March 30- NYC, NY
March 31- Oddfellow Theater, Buckfield, ME, 7:30 pm
April 1- MIT, Boston, MA
April 3- 6122 Greene St. Philadelphia, PA, 8 pm
April 6- 112 W. Market St. Charlottesville, VA, 7 pm
April 11- The Art Institute, Pittsburgh, PA
April 12- Aloft Loft, Chicago, IL, 9 pm
April 15- Minneapolis, MN
April 17- St. Paul, MONDO Juggling Festival Public Show, 7 pm
April 23- Madison, WI
April 27- Findlay/Bowling Green, OH

Shoebox WEB SITE and BLOG.

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March 5, 2010

Scooby doin' #008

Each Friday we share our Web discoveries, mostly pulled from our RSS feeds and Twitter accounts. If there's something we should know about, please write to thesadbear [at] gmail [dot] com.

Desktop curling
Designer Jessica Hische one and two
Despite rehab, the yellow lab won't sniff for bombs

Eyelash lovers
Typical women apply about six strokes of mascara per eye. Volume seekers ramp that up to about 30 or 40, then sometimes employ toothpicks, paper clips, pins or the backs of their earrings to poke through the clumps, CoverGirl executives say. "When we asked them why they do this, they blamed their lashes, not their mascara," says Esi Eggleston Bracey, P&G's vice president of global cosmetics, shaking her head. "That's when we knew we had an opportunity."

Hipster puppies
Countless limbs lost
The Arrogance of Toby Keith
Google's public data
Jack says: Just found this today while working on that Chamber story. Is this new? I've been playing with it all day. I think we should try and do a post on it, where we basically just fuck around with data for our respective areas.

Slate wants maps
Bad baseball beat

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March 2, 2010


A weekly sampler of what we're listening to (new and old), and what we think you might like, too.


NO AGE -- "Eraser"
My jam this week (and it is a jam) is "Eraser" by No Age. There's something about this song, the anticipation of the slow build, build, build, then BAM! An explosion of dirty power chords and sloppy drums. Two heat-seeking missiles colliding in the sky. "WATCH HIM DIIIIEEEEE!"

THE FLAMING LIPS -- "Ego's Last Stand"
Amid a bizarre and barely accessible album, this song remains bizarre and barely accessible. I also hesitate to share this fan music video for the song. But given the right night, "Embryonic" has fit my fancies. In the car with Katie or friends, though, was ill-advised.

I'm going to use this group again. I just got their whole album tonight, and if I like the rest of their songs as much as I like "Emily Paints" I'll be happy.

SUPER FURRY ANIMALS -- "The International Language of Screaming"
La la la la! Ooo! Ooo! Ooo!

CAT POWER -- "Werewolf"
The song is "Werewolf" by Cat Power. I've been thinking a lot about werewolves lately.

Enjoy the enthusiastic fan video. Especially Protein Shake Wolf around 2:58.
And about The Smiths selection put in for me last week: Although I do appreciate me some mammary glands, my Smiths choice is "I Know It's Over," and that's all she wrote.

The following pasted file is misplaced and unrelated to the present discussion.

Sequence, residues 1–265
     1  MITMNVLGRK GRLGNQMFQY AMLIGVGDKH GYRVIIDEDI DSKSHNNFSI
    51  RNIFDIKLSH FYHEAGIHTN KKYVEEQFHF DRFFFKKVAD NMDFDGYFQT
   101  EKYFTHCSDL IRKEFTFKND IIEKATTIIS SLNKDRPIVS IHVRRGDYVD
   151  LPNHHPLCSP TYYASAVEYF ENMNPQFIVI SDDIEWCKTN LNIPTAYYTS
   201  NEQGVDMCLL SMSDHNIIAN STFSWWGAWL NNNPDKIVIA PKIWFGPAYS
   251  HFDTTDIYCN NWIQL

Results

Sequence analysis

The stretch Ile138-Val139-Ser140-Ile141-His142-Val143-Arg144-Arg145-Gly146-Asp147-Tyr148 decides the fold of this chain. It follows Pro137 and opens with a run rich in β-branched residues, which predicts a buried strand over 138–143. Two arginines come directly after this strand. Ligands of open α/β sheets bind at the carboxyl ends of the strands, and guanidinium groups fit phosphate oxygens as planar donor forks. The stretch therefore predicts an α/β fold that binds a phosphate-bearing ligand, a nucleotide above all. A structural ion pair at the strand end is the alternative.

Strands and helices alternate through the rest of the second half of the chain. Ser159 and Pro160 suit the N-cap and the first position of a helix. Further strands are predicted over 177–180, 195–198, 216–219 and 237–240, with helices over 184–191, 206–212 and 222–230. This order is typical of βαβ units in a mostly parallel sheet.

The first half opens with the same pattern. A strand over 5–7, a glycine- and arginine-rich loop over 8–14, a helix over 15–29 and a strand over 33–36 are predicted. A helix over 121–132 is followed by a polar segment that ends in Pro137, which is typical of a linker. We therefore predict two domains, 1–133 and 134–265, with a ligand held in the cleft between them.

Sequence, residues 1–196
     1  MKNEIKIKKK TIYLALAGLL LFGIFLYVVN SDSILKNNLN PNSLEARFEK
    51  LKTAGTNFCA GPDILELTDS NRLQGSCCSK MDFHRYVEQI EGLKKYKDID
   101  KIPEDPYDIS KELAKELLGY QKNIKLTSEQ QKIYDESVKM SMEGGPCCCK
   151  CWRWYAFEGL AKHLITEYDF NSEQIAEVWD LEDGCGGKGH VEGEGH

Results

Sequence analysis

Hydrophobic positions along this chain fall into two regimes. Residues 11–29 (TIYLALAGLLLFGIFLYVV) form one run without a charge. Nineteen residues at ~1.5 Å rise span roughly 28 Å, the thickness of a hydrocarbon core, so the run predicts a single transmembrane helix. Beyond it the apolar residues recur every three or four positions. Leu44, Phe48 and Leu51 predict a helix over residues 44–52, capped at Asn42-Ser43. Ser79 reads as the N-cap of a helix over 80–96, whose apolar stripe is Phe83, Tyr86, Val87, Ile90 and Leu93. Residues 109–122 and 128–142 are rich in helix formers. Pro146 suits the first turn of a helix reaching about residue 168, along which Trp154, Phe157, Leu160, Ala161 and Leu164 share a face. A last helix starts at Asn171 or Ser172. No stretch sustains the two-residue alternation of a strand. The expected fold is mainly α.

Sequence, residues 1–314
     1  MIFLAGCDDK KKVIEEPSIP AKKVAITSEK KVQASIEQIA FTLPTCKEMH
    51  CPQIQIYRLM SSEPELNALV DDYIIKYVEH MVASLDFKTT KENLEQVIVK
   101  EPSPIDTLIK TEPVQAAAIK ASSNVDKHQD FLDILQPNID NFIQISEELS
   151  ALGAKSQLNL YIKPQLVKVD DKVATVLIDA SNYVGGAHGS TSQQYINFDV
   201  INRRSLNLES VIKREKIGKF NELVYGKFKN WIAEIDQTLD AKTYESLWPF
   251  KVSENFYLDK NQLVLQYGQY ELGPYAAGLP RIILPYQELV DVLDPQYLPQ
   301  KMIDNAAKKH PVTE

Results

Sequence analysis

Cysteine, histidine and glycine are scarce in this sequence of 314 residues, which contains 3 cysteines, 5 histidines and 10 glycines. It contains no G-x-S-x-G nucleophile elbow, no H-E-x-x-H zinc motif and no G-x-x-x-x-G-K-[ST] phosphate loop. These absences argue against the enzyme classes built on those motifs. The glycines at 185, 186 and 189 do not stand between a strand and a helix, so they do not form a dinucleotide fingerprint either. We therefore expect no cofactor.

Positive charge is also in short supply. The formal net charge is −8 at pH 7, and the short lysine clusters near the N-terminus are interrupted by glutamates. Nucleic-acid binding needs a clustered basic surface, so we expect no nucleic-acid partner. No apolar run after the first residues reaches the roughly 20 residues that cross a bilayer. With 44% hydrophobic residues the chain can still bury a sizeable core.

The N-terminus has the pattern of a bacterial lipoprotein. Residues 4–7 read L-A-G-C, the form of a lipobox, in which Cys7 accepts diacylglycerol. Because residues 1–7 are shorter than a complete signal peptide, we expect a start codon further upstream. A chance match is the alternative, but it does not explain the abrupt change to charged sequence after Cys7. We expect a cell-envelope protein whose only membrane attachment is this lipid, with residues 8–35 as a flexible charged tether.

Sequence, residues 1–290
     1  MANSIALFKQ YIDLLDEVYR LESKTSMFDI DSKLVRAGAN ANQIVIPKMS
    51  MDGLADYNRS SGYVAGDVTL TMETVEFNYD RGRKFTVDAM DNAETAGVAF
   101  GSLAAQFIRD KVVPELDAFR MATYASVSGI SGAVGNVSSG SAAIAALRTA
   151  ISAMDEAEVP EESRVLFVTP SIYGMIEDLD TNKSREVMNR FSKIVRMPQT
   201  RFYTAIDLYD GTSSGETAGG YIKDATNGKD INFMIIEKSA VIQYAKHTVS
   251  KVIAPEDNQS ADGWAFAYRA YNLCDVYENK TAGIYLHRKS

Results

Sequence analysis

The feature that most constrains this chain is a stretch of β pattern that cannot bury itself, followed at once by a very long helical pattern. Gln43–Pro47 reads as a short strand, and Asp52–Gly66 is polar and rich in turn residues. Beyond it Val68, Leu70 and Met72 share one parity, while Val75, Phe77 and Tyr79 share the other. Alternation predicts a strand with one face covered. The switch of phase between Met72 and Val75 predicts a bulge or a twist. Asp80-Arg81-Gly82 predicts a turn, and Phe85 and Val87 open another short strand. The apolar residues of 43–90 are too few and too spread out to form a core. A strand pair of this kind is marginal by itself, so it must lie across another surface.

MONTY PYTHON -- "Always Look on the Bright Side of Life"
Yes, it is a scene. But it is also a song.

VIOLENT FEMMES -- "American Music"
This was the first Violent Femmes song I heard, and my favorite song of theirs that isn't from the first two albums. In the linked performance, I think Victor DeLorenzo is particularly fun to watch.

Drew once loved the band 311 so much that he was the ridicule of some a**hole seventh-grader punks. So he pretended to like ska, and eventually did. Then he liked better music, went to school in Boston, got on at a men's fashion boutique, began to dress like a "mod Scandinavian rocker," got featured in the Philadelphia City Paper for his bowtie and eventually "got over" listening to good music. Three parts comic book nerd, one part reckless big city bike rider; once tried to share his beloved Stella Artois with a Lowcountry crab. That's Drew. He shares things on a tumblr.

ELVIS COSTELLO -- "(What's So Funny 'Bout) Peace Love and Understanding"
WIth the recent acquisition of Vuze, I have been on a dowloading frenzy. Gathering full discographies of The Kinks, Rolling Stones, The Misfits, Common and others. In short, shit I should have had long ago. This has resulted in a constant blaze of rediscovery, and thus timing could not have been better for Chase to throw me a bid for this week's Mid-Week Mix.

While the short list included both Lola and Dedicated Follower of Fashion by The Kinks, Where Do You Go To (My Lovely) by Peter Sarstedt, Making Time by Creation and If You find Yourself Caught In Love by Belle & is Elvis Costello's (What's So Funny 'Bout) Peace Love and Understanding that's got me rockin' and rollin' all week long.

There's been no part to the past three days that have found me unwelcoming Elvis Costello's Very Best of Collection. Of the 42 songs, this is the first, and as far as I can see it, the bestest of the very best. It's got all those little components that makes the daily walk to work feel like a mid-80's music video. And that poignant color blocking album cover chillin' in the bottom left of my iTunes is a welcome addition to my hodge-podge desktop.